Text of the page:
UCT condemns ‘divisive’ language in in paper signed off with ‘one settler, one bullet’

Phakeng replied: “Yasss! MA here we come!”

According to the abstract‚ the project argues that SA is a settler-colonial society that was built and maintained through conquest.

“The settler and the natives’ relationship is a construction which orders its identity through violence‚” writes Mlandu.

The paper aims to understand how this relationship is sustained.

Mlandu argues that “there is something that sustains the relationship between the native and the settler apart from the economic disparities between the two”.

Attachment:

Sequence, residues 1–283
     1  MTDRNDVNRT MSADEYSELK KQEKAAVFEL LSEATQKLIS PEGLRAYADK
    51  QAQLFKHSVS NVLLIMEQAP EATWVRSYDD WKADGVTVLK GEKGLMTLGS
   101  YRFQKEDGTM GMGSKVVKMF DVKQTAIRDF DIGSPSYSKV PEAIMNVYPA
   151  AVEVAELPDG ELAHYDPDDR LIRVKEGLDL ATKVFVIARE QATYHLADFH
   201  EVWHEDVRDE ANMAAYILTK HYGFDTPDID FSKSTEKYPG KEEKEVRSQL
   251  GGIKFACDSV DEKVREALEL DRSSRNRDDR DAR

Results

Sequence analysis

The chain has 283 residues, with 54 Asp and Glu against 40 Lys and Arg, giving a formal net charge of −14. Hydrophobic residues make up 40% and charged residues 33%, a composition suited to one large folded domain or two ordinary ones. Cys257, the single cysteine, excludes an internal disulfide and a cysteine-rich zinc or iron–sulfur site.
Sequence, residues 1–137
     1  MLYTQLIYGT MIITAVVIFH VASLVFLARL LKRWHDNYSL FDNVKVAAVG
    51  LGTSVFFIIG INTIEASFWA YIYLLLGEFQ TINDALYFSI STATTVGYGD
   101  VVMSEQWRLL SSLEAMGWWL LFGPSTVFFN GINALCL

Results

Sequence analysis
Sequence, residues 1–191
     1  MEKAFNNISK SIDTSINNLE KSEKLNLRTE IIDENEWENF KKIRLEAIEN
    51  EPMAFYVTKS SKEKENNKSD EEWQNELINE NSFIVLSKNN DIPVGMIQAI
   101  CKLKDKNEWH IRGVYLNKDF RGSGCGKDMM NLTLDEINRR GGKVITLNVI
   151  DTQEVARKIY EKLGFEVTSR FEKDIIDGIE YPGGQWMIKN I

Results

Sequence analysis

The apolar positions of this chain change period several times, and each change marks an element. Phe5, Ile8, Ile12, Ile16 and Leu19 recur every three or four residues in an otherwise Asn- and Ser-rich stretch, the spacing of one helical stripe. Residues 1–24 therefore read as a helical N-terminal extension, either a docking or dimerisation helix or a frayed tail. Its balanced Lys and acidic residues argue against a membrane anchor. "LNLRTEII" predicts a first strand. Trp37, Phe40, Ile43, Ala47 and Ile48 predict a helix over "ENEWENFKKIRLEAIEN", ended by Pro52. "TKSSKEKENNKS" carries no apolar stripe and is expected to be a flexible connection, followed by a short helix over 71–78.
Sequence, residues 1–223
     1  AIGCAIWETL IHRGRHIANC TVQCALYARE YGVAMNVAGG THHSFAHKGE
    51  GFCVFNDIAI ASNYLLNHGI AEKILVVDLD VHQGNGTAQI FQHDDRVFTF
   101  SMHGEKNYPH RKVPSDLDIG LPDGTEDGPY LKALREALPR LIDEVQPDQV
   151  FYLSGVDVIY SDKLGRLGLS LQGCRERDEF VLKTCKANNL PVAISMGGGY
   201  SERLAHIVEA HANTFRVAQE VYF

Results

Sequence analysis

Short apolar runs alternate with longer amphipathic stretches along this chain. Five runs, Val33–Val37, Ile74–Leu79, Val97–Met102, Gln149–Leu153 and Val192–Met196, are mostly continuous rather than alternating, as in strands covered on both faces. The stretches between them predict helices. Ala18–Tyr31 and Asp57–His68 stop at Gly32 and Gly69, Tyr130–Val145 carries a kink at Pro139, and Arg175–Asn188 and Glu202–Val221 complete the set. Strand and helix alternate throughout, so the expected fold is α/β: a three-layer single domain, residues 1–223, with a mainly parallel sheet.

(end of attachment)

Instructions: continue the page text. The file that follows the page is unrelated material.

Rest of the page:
“This is not to say that the material inequalities between the two are not important‚ but it is to say that‚ that is not sufficient enough to explain what governs the two portraits of the coloniser and the colonised.”

UCT distanced itself and condemned the language which it called “divisive and in our view not constructive”.

Moholola said: “Language such as this does not advance our vision of an institution that is inclusive and committed to social justice issues … We live in a constitutional democracy‚ where freedom of speech is enshrined in our constitution. Individuals must take personal responsibility for exercising that right.”

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